The rabbinic materials leave no doubt that grace is fundamentally important to Judaism. “To an earthly king, a man goes full, and returns empty; to God, he goes empty and returns full” (Pes. R. 185 a).
From the Gospels one gets the impression that Judaism has no heart, no compassion beyond a devotion to the Law. Meticulous observance of the Law, down to each jot and tittle, is more important to the Jew than relationships with human beings, so we are led to believe. Here is an example of what the rabbinic sources say on the subject:
A heathen came to Shammai, and said to him, “Accept me as a proselyte on the condition that you teach me the whole Law while I stand on one foot.” Then Shammai drove him away with the measuring rod he held in his hand. Then he went to Hillel, who received him as a proselyte and said to him, “What is hateful to you do not to your fellow: that is the whole Law; all the rest is its explanation; go and learn” [Sab. 31 a].
This is the Golden Rule, at least in negative form -- espoused by Hillel before the time of Jesus. The school of Hillel, the liberal wing of Pharisaism, was the dominant influence in rabbinic Judaism; therefore, the importance of relationships and deeds of lovingkindness is repeatedly emphasized in the rabbinic sources.
Thus we can see that the common Christian perception of Judaism is distorted as well as inaccurate. We have been guilty of bearing false witness against our Jewish neighbors. What is needed to correct our image is a massive effort to re-examine what we say about Jews and Judaism in sermons, lessons, liturgy and life. The ninth commandment offers a special challenge as we make this effort.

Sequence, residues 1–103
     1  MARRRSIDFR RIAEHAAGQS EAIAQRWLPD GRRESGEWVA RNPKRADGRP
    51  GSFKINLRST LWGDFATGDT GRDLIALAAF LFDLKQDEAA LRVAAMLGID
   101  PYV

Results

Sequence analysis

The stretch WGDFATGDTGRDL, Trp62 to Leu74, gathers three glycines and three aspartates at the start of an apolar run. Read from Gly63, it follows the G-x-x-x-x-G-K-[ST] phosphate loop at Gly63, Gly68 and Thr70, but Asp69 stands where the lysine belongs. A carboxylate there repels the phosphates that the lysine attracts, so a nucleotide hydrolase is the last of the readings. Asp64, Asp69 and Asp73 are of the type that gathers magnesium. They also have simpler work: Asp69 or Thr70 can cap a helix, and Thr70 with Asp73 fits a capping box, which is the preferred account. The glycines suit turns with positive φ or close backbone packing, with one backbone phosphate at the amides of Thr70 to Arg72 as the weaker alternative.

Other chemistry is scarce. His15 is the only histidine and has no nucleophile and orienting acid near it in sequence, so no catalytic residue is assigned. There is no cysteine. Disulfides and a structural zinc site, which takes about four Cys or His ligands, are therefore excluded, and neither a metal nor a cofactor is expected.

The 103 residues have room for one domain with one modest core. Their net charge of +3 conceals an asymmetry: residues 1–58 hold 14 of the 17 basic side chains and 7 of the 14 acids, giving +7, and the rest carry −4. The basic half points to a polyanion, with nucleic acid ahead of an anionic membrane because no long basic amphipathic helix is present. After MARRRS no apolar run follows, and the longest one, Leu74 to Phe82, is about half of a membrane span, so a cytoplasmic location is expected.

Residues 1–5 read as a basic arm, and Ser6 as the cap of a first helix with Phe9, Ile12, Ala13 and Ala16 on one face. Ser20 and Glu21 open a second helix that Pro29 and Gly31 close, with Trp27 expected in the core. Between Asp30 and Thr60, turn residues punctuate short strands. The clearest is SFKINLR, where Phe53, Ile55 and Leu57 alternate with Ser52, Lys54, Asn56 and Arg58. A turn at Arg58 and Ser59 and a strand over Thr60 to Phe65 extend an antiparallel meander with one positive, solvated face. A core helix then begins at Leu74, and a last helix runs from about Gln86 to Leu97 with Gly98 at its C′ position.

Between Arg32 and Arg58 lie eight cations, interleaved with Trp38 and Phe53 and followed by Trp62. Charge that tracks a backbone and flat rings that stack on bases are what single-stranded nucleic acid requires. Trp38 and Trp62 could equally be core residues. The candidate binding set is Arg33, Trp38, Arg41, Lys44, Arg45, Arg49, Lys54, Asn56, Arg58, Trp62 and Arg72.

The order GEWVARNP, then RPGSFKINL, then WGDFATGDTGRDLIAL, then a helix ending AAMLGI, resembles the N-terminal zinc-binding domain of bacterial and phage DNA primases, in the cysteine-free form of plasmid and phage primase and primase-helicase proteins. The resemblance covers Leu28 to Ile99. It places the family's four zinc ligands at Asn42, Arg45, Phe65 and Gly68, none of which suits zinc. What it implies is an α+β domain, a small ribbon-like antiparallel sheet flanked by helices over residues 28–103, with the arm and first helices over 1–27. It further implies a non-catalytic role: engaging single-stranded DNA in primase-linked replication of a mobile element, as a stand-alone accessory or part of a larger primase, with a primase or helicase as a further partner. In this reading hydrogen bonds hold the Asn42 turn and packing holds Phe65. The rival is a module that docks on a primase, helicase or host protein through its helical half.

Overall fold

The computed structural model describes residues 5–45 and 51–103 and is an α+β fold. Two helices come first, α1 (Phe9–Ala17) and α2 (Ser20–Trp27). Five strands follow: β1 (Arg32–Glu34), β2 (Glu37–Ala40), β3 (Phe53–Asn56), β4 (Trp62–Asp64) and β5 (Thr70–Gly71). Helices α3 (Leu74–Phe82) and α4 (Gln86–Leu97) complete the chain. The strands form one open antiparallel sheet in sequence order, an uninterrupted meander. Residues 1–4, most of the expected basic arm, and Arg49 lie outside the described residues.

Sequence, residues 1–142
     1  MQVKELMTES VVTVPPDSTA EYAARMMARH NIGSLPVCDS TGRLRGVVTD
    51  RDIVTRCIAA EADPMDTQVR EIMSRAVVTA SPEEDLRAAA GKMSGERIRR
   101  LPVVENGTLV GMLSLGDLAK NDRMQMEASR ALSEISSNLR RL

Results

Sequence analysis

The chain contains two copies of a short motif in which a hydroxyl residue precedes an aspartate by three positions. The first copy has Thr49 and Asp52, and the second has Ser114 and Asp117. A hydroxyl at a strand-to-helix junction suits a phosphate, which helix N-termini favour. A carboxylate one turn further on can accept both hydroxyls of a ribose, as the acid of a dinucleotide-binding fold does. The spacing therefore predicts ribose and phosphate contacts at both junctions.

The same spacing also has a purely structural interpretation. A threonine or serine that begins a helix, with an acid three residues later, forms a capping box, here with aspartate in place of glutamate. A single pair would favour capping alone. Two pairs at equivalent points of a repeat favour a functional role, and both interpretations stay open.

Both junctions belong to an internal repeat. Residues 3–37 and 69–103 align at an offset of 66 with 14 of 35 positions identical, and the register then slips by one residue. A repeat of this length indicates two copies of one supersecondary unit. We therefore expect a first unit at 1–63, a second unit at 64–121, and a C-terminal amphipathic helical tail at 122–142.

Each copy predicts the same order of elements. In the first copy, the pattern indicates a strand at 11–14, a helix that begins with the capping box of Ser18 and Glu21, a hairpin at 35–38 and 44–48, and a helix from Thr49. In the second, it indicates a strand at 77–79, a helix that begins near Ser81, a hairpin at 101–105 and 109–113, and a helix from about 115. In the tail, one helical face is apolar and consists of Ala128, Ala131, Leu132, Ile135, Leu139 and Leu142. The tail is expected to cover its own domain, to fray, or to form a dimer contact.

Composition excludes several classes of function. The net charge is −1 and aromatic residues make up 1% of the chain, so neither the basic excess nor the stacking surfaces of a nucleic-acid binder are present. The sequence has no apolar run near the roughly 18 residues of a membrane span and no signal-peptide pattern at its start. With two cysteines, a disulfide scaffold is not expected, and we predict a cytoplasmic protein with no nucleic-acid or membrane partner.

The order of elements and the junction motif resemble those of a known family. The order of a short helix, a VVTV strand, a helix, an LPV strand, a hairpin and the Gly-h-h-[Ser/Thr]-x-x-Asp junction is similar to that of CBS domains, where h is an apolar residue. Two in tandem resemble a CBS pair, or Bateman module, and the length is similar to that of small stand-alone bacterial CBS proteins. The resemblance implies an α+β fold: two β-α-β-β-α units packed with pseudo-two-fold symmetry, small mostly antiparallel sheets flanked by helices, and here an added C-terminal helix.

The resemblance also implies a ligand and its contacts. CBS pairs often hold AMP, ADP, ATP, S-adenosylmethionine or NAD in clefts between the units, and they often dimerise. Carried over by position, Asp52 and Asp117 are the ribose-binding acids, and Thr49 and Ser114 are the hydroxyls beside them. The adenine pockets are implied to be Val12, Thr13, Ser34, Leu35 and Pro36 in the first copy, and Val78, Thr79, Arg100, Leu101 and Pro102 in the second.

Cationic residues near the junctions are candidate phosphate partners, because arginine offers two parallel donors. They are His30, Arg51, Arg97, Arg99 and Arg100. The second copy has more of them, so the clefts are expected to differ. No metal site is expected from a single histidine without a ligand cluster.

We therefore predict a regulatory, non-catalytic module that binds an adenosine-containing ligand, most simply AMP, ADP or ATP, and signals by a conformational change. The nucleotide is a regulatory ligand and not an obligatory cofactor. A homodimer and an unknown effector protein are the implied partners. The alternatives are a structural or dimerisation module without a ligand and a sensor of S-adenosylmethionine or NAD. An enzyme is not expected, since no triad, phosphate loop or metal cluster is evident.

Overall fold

Anyone familiar with church history should feel the urgency of this challenge. From New Testament times to the present, it is difficult to find a single period when the church has not acted shamefully toward the Jews. I’m convinced that anti-Semitism has been such a powerful and persistent nemesis largely because of the church’s false witness against the Jews.
The negative concept of Jews and Judaism begun in the New Testament, and developed further in the writings of the church fathers, created an entire adversos Judaeos tradition. The titles of the tracts by themselves often indicate the nature of the writings: An Answer to the Jews (Tertullian), Expository Treatise Against the Jews (Hippolytus), Three Books of Testimonies Against the Jews (Cyprian), Eight Orations Against the Jews (John Chrysostom), Tract Against the Jews (Augustine), and many more.
The sermons of the great orator John Chrysostom offer perhaps the most offensive examples of these patristic diatribes. A single passage from his preaching is all that is needed to make the point:
I know that many people hold a high regard for the Jews and consider their way of life worthy of respect at the present time. This is why I am hurrying to pull up this fatal notion by the roots. . . . A place where a whore stands on display is a whorehouse. What is more, the synagogue is not only a whorehouse and a theater; it is also a den of thieves and a haunt of wild animals . . . not a cave of wild animal merely, but of an unclean wild animal. .. The Jews have no conception of [spiritual] things at all, but living for the lower nature, all agog for the here and now, no better disposed than pigs or goats, they live by the rule of debauchery and inordinate gluttony. Only one thing they understand: to gorge themselves and to get drunk [Eight Orations Against the Jews 1, 3, 4].
The widespread polemics against the Jews in the theological foundations of early Christianity led to serious social consequences for the Jews during the Middle Ages. In an excellent study of the problem, Rosemary Radford Ruether argues that “the negative myth of the Jew, developed in the patristic adversos Judaeos tradition, was incorporated into the legal status of the Jew in Christendom” (Faith and Fratricide [Seabury, 1974]). This myth led to a loss of civil rights, to ghettoization, punishment by Inquisition and public executions, expulsion from countries like England, Spain and Portugal, brutal attacks by the Crusaders, pogroms and so on. The medieval treatment of the Jews, buttressed by continuing theological justification, is the legacy that we have inherited in the modern period.
Consider another description of the treatment of Jews and Judaism in the Middle Ages. Jewish author Samuel Sandmel writes: